When we started building our solution we were conscious that in doing so we didn’t want to be part of the problem.
We wanted to help other businesses tackle the incremental carbon dioxide emissions caused by websites without creating unnecessary carbon overheads ourselves.
In this article we’ll talk about some of the decisions we’ve made so far.
Data capture, retention
The act of transmitting and storing data has a carbon footprint. Although it’s relatively minor on a per-byte basis, data volumes can rack up fast, very easily.
As highlighted in a report authored by our founder, Stanford Magazine suggests that 100GB of stored data could be responsible for up to 200kgs of CO2e per year. 100GB might seem like a lot of data, but in a world where everything is synced with multiple devices via the cloud, and backed up automatically, you can be generating 100GB very quick without realising it.
As such, our decision was to only capture the data we really needed, and only store it for as long as we need it.
In practical terms, this look like this:
- When we capture information about a specific web page, we remove as much of the erroneous data as we can before sending it to our systems. This has an added privacy benefit too.
- When we store the data, we process the raw information as soon as we can, discarding the raw data and keeping only the aggregate.
- We keep data for a maximum of 12 months, then it is destroyed.
- When backing up our systems, we omit debug and test data, and keep only as much data as we need for as long as it is really needed.
Our office runs from it’s own homebuilt micro-grid.
This is an ongoing project of our founder, and currently offers the ability to run off solar energy and a battery. When the battery can’t be charged fully from the sun, it is charged only when the grid energy is at it’s cleanest (see below).
Future developments of this capability will introduce a small-scale wind turbine and enhanced battery storage.
Our server-side architecture is split across two hosts both of which are running on green energy.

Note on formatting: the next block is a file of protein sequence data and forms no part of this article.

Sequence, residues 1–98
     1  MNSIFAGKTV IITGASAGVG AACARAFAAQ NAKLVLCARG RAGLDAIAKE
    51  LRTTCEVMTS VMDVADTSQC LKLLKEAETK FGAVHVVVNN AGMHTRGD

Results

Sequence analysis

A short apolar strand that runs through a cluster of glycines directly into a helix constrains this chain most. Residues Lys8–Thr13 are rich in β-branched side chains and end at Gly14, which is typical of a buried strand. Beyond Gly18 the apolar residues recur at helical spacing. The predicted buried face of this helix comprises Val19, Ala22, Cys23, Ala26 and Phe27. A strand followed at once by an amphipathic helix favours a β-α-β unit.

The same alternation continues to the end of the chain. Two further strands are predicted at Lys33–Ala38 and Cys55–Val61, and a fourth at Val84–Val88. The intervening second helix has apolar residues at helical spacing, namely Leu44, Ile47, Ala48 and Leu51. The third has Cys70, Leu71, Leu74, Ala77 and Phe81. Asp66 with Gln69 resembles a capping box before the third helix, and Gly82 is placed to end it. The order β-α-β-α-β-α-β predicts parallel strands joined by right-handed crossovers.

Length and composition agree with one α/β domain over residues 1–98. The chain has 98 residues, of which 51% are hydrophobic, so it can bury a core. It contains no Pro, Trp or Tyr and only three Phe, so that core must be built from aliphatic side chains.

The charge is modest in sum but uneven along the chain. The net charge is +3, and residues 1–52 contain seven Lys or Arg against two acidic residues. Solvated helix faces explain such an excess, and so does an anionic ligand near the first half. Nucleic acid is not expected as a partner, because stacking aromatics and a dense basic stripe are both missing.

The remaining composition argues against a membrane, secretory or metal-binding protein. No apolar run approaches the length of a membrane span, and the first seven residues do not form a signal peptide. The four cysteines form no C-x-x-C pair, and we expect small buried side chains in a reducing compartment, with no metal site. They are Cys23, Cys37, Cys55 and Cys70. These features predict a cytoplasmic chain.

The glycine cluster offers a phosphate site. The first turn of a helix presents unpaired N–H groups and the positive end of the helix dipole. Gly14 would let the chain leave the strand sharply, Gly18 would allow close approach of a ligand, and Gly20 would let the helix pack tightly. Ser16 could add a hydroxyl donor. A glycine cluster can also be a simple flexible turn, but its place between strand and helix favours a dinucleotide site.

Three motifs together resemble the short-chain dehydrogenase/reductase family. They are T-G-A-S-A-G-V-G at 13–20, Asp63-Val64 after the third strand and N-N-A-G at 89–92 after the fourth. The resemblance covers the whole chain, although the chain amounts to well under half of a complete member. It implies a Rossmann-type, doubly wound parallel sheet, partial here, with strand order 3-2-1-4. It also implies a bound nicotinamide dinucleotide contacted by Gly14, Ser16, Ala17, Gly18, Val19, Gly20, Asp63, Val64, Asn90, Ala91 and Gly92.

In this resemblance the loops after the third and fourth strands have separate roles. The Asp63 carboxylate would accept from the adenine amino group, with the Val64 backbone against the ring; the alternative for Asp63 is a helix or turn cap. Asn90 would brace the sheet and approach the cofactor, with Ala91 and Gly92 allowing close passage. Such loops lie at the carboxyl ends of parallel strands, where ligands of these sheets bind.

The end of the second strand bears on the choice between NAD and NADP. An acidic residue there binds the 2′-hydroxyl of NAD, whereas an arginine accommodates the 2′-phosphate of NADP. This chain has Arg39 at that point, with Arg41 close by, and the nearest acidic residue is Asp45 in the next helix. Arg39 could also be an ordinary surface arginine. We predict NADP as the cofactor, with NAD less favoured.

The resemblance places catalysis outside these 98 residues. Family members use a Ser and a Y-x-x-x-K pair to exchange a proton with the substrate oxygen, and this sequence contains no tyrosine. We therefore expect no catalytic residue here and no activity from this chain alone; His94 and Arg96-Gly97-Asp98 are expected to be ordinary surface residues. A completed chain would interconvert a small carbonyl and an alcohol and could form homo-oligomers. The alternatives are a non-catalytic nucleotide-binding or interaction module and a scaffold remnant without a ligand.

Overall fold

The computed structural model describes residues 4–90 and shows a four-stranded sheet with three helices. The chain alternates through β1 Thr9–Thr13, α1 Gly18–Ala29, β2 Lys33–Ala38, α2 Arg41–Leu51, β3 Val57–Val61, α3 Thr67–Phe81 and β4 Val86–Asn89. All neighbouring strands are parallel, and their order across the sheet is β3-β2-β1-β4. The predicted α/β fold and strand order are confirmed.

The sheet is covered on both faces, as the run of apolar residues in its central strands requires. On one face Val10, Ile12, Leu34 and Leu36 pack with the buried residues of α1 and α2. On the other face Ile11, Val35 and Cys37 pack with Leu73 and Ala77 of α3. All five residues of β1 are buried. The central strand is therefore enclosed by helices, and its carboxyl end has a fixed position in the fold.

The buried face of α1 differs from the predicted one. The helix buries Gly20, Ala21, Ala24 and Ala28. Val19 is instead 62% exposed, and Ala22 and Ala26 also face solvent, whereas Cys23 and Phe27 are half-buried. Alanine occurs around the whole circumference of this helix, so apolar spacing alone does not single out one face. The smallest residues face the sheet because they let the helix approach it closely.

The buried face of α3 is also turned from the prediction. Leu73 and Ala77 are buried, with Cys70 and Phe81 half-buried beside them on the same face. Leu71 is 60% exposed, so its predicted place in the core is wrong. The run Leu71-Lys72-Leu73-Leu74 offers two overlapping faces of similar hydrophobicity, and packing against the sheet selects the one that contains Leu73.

You can see if your host is running on green energy here.
Even though our primary systems are running on green energy networks, our systems depend on interconnects, API calls and third party services.
We currently have no easy way to determine or control what energy is used by these elements of our service, but what we can do is make sure we use them only when the energy network is at its greenest.
When we first started designing Digital Carbon Online we knew we wanted to be able to defer complex calculations to times when the energy networks were cleaner, so we designed our systems to be asynchronous — allowing us to delay and defer processing.
As discussed in this LinkedIn post, it took a while to actually implement this, but today we only run our data processing routines when the UK’s energy carbon intensity is either “low” or “very low”.
Log file screenshot showing the first time we used the UK’s energy carbon intensity in deciding when to run our processing.
To achieve this we utilise the National Grid’s carbon intensity API. (This is the same technique we use to manage charging our office micro-grid).
Analytics and tracking
If there’s one thing we despise about the internet is the amount of data that is harvested and collected behind the scenes.
With that and the associated carbon impact we decided to not use systems like Google Analytics on this website.
In the spirit of disclosure, this decision isn’t yet causing us any significant issues, but we are aware that as we look to scale and grow the business will cause us more challenges. That will be a topic for a future post — how to grow a digital business without using the typical digital marketing strategies in use by nearly everyone today… (feel free to share your tips and ideas with us!)
We’ve built Digital Carbon Online with low carbon impact in mind from day one. Along the way, we’ve had to solve some sticky challenges, made some (hopefully) smart decisions and are aware there is still so much more to do.
Starting from scratch isn’t a luxury most businesses have, though.
However, when it comes to tackling your digital carbon footprints, there are several small steps you can take to get started — with your website carbon footprints being one of them.
So why not start that today, with a free carbon emission report on your website — visit the website to get yours.